In the coming decades, as electric vehicles become the choice for a larger population, she expects manufacturers will add optional features.
The business models of the newest carmakers also put new demands on mold suppliers.
Like many startups, some of the players struggle with turning ideas into reality. For tool makers, this can mean their new partners have skipped important engineering steps — at least until problems become obvious.
With Chinese mold makers able to produce molds at half the cost, the new automakers might not know they could end up paying more in the end, she said.
“You have to remember these guys are, although very smart, high-tech, Silicon Valley-type companies. They never really had sourced tools before, so they picked based on price and maybe not necessarily based on what could happen,” Harbour said. “I have a lot of clients today who are really struggling to launch [one startup’s] tools, because there just wasn’t the upfront engineering work and capability to put into the tool.”
In some cases, these manufacturing hiccups represent opportunities, as automakers desperate for a fix will pay a high price to experienced mold shops that can do the rework quickly.
“I had a die customer today who will be redoing a bunch of tools made in China,” Harbour said. “If they made some choices based around curves, it’s going to hurt them as they try to get through the launch phase.”
That’s only one part of the learning curve, though.
Tesla and others have earned notoriety for their failure to meet delivery dates. Suppliers also wonder whether some companies’ financial backing is actually robust enough to support prospective partnerships, Harbour said.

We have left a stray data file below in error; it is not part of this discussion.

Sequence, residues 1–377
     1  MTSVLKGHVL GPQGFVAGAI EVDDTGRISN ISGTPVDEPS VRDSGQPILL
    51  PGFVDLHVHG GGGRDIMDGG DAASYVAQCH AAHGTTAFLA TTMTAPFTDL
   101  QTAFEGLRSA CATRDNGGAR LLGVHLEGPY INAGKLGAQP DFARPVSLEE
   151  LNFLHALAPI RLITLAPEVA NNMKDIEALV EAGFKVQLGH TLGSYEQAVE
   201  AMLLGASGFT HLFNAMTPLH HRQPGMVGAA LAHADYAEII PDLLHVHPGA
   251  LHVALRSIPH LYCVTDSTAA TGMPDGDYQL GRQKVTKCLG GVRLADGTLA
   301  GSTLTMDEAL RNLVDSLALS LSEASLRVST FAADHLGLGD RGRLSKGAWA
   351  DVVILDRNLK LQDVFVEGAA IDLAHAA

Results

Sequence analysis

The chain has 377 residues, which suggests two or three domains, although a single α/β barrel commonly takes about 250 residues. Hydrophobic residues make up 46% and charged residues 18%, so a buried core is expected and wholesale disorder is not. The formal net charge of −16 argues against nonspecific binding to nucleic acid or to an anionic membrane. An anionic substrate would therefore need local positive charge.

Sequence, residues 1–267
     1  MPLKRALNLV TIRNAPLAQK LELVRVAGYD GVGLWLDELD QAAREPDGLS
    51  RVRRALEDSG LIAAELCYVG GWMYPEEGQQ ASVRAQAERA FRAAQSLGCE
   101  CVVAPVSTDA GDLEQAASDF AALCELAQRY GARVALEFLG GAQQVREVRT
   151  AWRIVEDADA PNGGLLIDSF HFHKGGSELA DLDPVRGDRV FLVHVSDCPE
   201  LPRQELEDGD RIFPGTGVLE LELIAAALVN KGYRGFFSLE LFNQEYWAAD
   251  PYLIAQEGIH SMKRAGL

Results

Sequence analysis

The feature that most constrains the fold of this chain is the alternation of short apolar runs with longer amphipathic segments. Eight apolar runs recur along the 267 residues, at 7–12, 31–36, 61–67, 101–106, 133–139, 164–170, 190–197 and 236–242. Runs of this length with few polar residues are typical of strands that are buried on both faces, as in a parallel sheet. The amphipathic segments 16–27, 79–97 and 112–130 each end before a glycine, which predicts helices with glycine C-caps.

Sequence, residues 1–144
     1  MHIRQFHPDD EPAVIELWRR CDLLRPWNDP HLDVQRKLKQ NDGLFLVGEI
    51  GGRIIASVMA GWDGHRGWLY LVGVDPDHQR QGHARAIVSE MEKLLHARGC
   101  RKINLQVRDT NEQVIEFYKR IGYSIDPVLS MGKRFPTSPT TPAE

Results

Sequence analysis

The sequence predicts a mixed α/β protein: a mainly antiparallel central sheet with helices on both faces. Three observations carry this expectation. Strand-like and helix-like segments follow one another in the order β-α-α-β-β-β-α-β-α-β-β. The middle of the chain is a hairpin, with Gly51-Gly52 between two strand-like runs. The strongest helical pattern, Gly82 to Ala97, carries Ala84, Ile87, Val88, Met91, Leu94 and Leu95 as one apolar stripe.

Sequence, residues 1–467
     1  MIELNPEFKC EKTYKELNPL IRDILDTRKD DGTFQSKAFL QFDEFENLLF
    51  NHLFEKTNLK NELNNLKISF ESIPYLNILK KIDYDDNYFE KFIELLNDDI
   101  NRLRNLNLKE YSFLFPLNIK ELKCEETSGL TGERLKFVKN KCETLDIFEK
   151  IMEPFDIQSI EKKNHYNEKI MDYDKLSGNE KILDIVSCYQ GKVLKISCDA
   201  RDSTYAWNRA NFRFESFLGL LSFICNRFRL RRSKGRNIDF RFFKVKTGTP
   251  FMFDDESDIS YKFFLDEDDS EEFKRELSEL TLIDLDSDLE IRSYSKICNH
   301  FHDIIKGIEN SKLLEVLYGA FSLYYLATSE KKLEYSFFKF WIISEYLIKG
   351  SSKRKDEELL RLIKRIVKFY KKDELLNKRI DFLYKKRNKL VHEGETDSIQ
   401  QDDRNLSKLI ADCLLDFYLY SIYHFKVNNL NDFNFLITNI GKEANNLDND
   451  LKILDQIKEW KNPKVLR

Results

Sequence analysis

She acknowledged suppliers might “feel burned” by the process but warned they can’t afford to walk away from potential new sources of business. While there are no sure bets when dealing with startups, North American mold makers need to accept some risks.
“They need to keep, especially if they’re working with somebody … like Tesla, they need to keep balancing that and managing it because I believe that those companies will continue to grow and thrive. … Some of them will absolutely be winners in this space,” she said.
Savvy mold makers will recognize potential as competition between the startups shakes out, and they will forge ahead.
Harbour said while some mold makers have seen business return to North America over the past year due to supply-chain problems caused by the pandemic, others have folded. The smart ones will not rest on their laurels.
Any gains mold makers have made over the course of the pandemic will prove transitory, Harbour said, if they don’t continue to confront head on the changes in their business environment.
Whether a mold maker is partnering with a startup, or one of the traditional players such as GM, finding ways to make tooling cost-competitive, even for smaller-volume runs, is critical.
While combustion engines are slowly going away, Harbour tells mold shops competition on price is here to stay.
“I’m telling them that you’ve got to start getting creative and innovative because the cost structures that are in the industry today are incredibly competitive, and the Chinese are not going away, they’re going to continue to be a force to reckon with. So, we have to reinvent ourselves. And we have to think about, ‘How do I make tools for low-volume products?’ Meaning, ‘How do I take cost out, make myself more attractive?’ ”
Karen Hanna, associate editor
Harbour Results Inc., Southfield, Mich., 248-552-8400, https://harbourresults.com